Last year, in Max’s machine tooling class, they made metal hearts with “Happy Mothers Day” on them. He told me he wanted to say something different, more meaningful so he inscribed “thanks for saving the world”.  This is probably the most treasured Mother’s Day gift any of my kids have ever gotten me.

No one person can save the world. That’s not what he meant, but I do believe I helped save his little world. Through this group, through our advocacy and our determination and my family’s decision to move, I in some small way helped save his world. I am sure I could say the same thing about you and your children would agree. You helped save their world.”

Early attempts to establish holidays for mothers included a committee to establish a “Mother’s Friendship Day,” organized by Ann Jarvis in 1868. The purpose of Ann’s holiday was “to reunite families that had been divided during the Civil War.” Many women’s peace groups had organized similarly in the 19th century with the common theme of mothers coming together whose sons had fought or died on opposite sides of the war. 

Mother’s Day is rooted in peace, forgiveness, unity, and finding common ground.

Of course, there are bad mothers. There are mediocre mothers. There are mothers lauded as the epitome of maternal virtue. None of us are perfect mothers. Our shortcomings are ingrained into our children along with our strengths. When a child is rude or misbehaves, how many times have you heard, “Didn’t your mother teach you any manners?” (Or does anyone still actually say that???)

In our highly polarized and tribalistic political culture, I often wonder where we went wrong. I think of all the old sayings our mothers and grandmothers used to repeat: “You catch more flies with honey.” “Two wrongs don’t make a right.” “Life’s not fair.” “Do unto others as you would have them do unto you.” And so many more, including one that was a constant in my childhood, “What is right is not always popular, and what is popular is not always right.”

If you’ve paid much attention to politics in Missouri (or wherever you are, no doubt) at all lately, you’d think a whole lot of adults either missed out on some of these lessons or have forgotten them entirely. And if you’re paying attention, you will also notice that conservatives and libertarians are losing the war for the principles and values that have made these United States of America a “shining city on a hill.” We have a “supermajority” of Republicans in our state, yet we are increasingly divided as purism breeds contempt and disharmony.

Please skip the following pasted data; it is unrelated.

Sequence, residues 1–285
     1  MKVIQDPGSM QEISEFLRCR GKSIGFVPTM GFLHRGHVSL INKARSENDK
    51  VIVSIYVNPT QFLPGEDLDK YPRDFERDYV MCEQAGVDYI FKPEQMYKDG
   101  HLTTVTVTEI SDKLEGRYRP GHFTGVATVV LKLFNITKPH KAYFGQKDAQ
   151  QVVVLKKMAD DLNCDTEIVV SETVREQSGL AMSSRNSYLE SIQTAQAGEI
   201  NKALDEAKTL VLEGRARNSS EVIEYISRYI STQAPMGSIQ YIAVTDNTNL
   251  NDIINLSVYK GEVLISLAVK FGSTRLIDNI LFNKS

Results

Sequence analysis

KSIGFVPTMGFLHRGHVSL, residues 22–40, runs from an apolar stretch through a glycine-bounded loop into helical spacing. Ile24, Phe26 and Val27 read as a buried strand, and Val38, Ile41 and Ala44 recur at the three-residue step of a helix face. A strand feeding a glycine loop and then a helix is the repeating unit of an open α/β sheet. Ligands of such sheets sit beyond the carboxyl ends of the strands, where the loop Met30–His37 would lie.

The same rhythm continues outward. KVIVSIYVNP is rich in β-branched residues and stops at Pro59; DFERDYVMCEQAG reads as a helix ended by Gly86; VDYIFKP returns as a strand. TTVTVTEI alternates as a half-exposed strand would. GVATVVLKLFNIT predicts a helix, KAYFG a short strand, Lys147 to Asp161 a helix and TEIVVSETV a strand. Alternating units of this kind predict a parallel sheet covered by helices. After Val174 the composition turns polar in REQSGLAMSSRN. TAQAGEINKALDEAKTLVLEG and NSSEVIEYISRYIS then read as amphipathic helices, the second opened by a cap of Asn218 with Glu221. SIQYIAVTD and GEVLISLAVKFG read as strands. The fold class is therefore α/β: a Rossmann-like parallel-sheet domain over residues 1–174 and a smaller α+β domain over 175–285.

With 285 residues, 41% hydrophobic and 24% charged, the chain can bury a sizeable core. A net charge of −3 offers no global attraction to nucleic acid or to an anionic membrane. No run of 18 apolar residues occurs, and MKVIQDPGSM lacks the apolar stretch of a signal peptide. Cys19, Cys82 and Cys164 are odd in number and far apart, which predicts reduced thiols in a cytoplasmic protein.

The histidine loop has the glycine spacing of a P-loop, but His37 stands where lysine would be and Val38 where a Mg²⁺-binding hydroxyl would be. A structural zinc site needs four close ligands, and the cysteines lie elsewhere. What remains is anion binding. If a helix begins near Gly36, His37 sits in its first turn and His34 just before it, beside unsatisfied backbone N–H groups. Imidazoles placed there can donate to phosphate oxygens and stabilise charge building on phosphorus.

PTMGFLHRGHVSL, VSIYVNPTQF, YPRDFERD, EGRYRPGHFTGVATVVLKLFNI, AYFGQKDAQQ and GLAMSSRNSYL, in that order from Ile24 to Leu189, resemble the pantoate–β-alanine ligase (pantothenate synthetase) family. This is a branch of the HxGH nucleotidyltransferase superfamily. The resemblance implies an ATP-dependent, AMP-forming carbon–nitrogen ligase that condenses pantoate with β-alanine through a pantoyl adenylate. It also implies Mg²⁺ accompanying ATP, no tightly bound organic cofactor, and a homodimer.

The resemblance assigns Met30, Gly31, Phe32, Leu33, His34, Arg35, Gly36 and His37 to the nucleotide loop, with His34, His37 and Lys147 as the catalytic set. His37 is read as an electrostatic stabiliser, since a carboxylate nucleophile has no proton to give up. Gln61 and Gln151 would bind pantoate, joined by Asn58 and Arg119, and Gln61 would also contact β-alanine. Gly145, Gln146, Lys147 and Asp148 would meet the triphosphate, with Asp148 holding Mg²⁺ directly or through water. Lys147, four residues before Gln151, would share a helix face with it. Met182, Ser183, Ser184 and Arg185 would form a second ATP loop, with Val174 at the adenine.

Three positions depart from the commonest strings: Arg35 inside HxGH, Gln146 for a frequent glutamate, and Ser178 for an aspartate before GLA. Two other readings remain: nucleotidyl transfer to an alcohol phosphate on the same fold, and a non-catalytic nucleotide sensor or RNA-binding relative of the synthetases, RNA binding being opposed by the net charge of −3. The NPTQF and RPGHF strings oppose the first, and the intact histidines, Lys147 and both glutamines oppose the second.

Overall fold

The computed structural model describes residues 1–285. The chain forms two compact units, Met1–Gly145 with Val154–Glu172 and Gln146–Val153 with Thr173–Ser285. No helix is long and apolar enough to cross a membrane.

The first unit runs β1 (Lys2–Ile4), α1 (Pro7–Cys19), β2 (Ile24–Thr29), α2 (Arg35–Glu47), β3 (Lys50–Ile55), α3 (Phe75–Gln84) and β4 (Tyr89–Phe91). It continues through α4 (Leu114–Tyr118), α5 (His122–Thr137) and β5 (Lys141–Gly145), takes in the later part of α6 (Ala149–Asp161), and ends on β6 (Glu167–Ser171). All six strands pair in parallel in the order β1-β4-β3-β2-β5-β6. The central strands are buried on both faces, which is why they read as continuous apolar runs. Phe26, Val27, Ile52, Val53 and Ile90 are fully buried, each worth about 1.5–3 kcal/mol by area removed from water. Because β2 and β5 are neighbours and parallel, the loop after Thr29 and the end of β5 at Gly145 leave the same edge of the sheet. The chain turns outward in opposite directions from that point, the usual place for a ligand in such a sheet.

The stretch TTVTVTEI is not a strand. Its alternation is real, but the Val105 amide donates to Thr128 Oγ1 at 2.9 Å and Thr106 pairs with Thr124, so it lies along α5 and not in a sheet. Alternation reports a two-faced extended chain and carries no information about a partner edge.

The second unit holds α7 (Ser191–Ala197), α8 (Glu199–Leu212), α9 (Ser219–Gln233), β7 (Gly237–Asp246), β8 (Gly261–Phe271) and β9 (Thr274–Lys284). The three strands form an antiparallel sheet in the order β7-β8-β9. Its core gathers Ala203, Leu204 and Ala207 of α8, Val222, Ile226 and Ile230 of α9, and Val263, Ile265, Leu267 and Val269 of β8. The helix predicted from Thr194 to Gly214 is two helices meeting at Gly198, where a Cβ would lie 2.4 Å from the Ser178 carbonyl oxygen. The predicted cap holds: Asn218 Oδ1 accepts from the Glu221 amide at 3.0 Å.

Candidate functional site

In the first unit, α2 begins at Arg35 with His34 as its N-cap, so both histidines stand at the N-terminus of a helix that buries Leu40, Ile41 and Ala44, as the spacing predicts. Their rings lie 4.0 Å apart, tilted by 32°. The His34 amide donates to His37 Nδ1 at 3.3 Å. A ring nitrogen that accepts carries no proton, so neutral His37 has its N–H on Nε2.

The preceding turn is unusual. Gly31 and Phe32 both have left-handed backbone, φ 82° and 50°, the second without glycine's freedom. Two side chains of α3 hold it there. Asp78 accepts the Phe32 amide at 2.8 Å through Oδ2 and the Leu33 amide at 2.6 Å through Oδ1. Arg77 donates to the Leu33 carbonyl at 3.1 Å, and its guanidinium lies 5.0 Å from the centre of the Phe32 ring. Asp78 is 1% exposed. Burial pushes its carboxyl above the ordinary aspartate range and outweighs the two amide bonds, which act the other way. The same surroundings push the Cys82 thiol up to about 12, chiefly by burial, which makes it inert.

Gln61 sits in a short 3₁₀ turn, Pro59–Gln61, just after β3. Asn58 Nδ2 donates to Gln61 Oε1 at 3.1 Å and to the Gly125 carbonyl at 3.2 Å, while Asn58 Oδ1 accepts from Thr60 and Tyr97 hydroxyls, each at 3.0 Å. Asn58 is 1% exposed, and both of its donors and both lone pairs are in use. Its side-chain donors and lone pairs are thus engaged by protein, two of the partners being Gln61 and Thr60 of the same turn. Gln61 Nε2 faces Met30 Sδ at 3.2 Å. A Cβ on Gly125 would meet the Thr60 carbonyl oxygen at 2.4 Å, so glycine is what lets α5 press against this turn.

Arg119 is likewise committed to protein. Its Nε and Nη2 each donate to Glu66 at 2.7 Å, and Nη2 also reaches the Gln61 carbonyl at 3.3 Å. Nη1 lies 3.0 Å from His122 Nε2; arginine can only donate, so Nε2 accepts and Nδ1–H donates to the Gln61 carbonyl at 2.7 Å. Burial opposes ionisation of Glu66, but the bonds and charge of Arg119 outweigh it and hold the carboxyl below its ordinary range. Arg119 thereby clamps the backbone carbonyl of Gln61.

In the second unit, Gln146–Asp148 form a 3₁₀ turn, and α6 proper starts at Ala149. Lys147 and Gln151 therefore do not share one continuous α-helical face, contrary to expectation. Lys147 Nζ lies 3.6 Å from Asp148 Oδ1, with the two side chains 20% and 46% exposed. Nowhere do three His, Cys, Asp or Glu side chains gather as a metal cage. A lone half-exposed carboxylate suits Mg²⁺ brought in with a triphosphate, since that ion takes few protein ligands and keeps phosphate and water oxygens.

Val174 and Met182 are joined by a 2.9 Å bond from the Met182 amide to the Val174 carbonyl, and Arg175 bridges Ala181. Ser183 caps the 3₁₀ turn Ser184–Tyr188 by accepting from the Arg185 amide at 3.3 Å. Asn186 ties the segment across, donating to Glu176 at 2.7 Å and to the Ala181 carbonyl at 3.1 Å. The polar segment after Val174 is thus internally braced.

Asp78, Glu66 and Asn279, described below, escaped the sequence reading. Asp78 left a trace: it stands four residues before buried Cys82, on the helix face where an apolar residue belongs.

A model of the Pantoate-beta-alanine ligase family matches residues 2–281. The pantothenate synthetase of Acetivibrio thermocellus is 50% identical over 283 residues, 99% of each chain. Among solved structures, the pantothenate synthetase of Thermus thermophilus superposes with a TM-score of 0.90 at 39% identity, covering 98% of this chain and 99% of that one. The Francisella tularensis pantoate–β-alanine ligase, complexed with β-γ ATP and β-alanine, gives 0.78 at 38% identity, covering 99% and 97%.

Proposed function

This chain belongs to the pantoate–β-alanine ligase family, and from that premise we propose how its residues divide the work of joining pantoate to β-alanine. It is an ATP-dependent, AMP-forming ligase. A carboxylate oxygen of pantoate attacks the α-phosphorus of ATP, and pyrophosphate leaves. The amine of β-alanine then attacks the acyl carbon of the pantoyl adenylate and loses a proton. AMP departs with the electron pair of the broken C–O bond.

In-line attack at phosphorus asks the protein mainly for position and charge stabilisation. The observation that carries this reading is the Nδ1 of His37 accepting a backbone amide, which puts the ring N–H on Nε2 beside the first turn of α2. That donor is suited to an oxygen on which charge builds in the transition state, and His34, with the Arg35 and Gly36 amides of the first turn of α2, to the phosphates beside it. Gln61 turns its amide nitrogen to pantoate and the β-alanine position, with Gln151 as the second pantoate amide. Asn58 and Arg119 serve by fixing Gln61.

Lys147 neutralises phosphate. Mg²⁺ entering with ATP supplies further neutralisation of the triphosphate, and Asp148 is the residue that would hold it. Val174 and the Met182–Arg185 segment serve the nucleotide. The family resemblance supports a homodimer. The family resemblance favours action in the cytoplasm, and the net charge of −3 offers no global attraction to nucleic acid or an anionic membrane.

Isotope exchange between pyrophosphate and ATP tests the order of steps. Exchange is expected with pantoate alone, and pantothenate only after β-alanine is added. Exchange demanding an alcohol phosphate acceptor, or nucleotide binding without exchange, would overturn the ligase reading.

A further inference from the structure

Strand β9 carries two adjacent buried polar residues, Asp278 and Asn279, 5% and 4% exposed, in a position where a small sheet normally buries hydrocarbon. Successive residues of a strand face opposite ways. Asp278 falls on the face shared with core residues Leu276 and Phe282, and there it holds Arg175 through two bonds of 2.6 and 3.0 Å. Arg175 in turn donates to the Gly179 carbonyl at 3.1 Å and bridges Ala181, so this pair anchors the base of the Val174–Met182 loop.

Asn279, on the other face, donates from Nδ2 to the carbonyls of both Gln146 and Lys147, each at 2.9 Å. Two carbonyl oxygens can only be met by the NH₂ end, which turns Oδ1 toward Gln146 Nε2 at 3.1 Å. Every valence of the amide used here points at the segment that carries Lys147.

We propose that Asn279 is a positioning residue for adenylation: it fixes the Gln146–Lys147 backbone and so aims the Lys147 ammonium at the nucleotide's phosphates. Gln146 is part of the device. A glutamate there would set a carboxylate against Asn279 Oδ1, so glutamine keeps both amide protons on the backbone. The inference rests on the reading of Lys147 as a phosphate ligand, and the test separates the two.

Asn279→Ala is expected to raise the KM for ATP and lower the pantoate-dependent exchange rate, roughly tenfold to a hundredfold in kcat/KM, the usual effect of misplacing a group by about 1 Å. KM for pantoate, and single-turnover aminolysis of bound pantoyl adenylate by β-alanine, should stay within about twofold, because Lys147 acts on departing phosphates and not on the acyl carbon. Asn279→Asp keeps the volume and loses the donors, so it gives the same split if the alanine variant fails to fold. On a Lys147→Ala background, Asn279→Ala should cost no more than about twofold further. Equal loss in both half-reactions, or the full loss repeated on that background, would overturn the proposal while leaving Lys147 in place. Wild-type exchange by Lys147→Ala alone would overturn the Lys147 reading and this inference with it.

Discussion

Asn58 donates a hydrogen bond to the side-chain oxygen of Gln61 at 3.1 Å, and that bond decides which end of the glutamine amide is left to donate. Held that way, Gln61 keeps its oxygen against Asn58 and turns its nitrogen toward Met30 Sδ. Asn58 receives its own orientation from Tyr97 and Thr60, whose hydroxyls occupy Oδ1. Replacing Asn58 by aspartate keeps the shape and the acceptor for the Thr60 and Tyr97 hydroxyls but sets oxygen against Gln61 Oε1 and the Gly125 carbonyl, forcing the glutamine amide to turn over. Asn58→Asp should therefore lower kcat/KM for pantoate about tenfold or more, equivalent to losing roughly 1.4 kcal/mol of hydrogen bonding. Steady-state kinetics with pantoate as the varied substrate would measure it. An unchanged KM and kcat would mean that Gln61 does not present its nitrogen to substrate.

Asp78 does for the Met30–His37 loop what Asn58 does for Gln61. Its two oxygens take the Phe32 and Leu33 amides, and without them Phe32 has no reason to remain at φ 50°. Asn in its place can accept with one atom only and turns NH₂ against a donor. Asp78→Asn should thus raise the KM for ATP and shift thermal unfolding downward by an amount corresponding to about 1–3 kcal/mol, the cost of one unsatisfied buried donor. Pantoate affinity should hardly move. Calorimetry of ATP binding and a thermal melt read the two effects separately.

We lack legacy thinking. The gains for liberty we saw in the unified grassroots pushback against covid tyranny have already begun to wane as we are consumed by infighting. We have short memories, forgetting so quickly the lessons we learned. Our “solutions” tend to be stopgap measures that get social media clicks, but sweep the problems under the rug of the next generation. Our mothers should be disappointed in us. I can almost hear them saying, “Just wait ‘til your Founding Fathers get home!”

“If you don’t have anything nice to say, don’t say anything at all.”

 If we’re not persuading, we’re losing. Our words matter. Our rhetoric matters. Even when we fall short of them – especially when we fall short of them. You might have heard the admonition to “let your speech always be with grace…” Perhaps we should spend more time listening to understand so that our words will likewise be heard and considered. After all, “God gave you two ears and one mouth so you can listen more than you speak.” 

When I think of my mother, I think of how she is always singing or humming, her penchant for practical jokes, her unerring belief that I can do anything I put my mind to, her unending generosity, and her unconditional love even when I am sure I have disappointed her. To this day, I want her to be proud of me. And I want to take the lessons that I learned late and teach them to my children early. I want to leave a legacy they can build on. I want to save their world.

Mother’s first to guide the streamlets,
From them souls unresting grow—
Grow on for the good or evil,
Sunshine streamed or evil hurled;
For the hand that rocks the cradle
Is the hand that rules the world.

Looking ahead to the second Sunday of 2025, I believe the best way we can collectively honor our mothers is to honor the Mother’s Day holiday legacy of peace and reconciliation. Working together, finding common ground, being patient with each other, and treating each other well even when we disagree. And above all, keeping a sense of humor. Are there gifts greater than these?